Training data has the same power in a deep learning system. If a bad image is mislabeled as good and retrained, the algorithm will configure the weights of the nodes to make it so. The bad image and others like it now end up on the good side. This may involve “moving one bumper in the pinball machine” to cite the earlier analogy. But this leads to an unacceptable end result: Bad parts are sent to the end custom­er. To avoid this outcome, establish processes and procedures for when the organization will retrain the net. Otherwise, the same problem that can bedevil a traditional vision system will arise. The system needs to be readjustable and retunable (someday the light will burn out) but needs to avoid accidental retuning and readjusting. The problem is even greater in deep learning because users are no longer changing traditional tolerances (moving 8.0 to 10.0 or 12.0). A statistical engine must be retrained to produce what it was told are the right answers. In the case where we mislabel an image and retrain, we now have an algorithm training itself to produce a wrong answer.

Test, then invest

There are enormous benefits to deep learning. Operators can short-circuit lengthy and manual algorithm develop­ment by simply training a net to automatically identify defects. The vision market is rightly skeptical, because many technologies that seem to work don’t really work in the long run on the factory floor without an engineer babysitting the system. For conventional vision systems, detailed acceptance-testing processes can catch most of these long-term issues before the system ships.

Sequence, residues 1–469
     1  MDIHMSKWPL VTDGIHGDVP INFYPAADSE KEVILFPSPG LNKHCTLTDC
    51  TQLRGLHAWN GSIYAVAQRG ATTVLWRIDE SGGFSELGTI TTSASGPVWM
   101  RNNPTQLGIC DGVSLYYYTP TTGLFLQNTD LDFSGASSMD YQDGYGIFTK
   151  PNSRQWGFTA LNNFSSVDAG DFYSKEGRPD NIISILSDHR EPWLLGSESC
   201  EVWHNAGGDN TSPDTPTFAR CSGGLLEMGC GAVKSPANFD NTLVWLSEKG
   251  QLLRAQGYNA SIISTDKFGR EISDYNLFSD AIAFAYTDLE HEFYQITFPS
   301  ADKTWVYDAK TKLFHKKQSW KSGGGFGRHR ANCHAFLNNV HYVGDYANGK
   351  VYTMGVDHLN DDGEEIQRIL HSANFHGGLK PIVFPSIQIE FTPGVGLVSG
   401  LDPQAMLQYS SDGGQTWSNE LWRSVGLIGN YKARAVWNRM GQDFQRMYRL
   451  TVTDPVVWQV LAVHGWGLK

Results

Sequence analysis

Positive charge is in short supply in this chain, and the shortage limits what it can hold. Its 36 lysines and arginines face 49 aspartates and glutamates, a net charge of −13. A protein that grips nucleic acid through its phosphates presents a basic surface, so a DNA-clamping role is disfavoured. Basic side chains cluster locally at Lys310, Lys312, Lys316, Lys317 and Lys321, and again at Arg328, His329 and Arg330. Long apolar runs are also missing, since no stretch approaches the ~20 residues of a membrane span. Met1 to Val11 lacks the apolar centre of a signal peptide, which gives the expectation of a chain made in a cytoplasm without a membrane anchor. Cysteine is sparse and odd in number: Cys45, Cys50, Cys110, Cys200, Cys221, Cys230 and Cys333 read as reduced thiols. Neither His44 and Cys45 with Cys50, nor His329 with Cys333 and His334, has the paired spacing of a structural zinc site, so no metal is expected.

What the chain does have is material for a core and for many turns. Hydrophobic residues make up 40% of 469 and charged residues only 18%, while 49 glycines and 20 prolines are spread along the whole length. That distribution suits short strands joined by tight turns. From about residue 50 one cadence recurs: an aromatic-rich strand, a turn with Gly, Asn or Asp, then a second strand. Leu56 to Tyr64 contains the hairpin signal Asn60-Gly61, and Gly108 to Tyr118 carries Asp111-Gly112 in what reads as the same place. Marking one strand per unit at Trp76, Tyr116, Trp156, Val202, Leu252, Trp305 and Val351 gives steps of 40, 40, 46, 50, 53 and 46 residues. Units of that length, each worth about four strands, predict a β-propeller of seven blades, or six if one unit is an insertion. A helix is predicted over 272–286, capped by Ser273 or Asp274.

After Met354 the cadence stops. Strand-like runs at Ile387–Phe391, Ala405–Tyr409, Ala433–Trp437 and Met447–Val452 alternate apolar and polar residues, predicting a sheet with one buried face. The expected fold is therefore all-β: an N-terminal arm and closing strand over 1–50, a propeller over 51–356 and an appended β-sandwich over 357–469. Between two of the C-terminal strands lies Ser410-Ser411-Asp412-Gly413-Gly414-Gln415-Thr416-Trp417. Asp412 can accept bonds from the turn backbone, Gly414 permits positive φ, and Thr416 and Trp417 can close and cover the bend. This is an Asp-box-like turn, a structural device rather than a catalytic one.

For deep learning systems, various acceptance tests are needed to make sure something works the way the end user rightfully expects it will. Better to invest with eyes wide open to the challenges and have a good set of acceptance tests than to invest naively or sit on the sidelines as others gain competitive advantage.

Meet the author

Tom Brennan is president and founder of Artemis Vision, which builds vision systems for automated inspection and quality control. An AIA Advanced Level Certified Vision Professional, he has worked in the industrial machine vision and imaging processing software market for the past 10 years, having delivered numerous industrial machine vision systems for industries from medical to automotive to defense. Brennan got his start in the vision industry designing machine vision vehicle detection algorithms as a research effort for the DARPA Urban Challenge. He holds a BSE in computer science from Princeton University.


Vision Spectra
Winter 2019
GLOSSARY
machine vision
Interpretation of an image of an object or scene through the use of optical noncontact sensing mechanisms for the purpose of obtaining information and/or controlling machines or processes.
machine visiondeep learningAIFeatures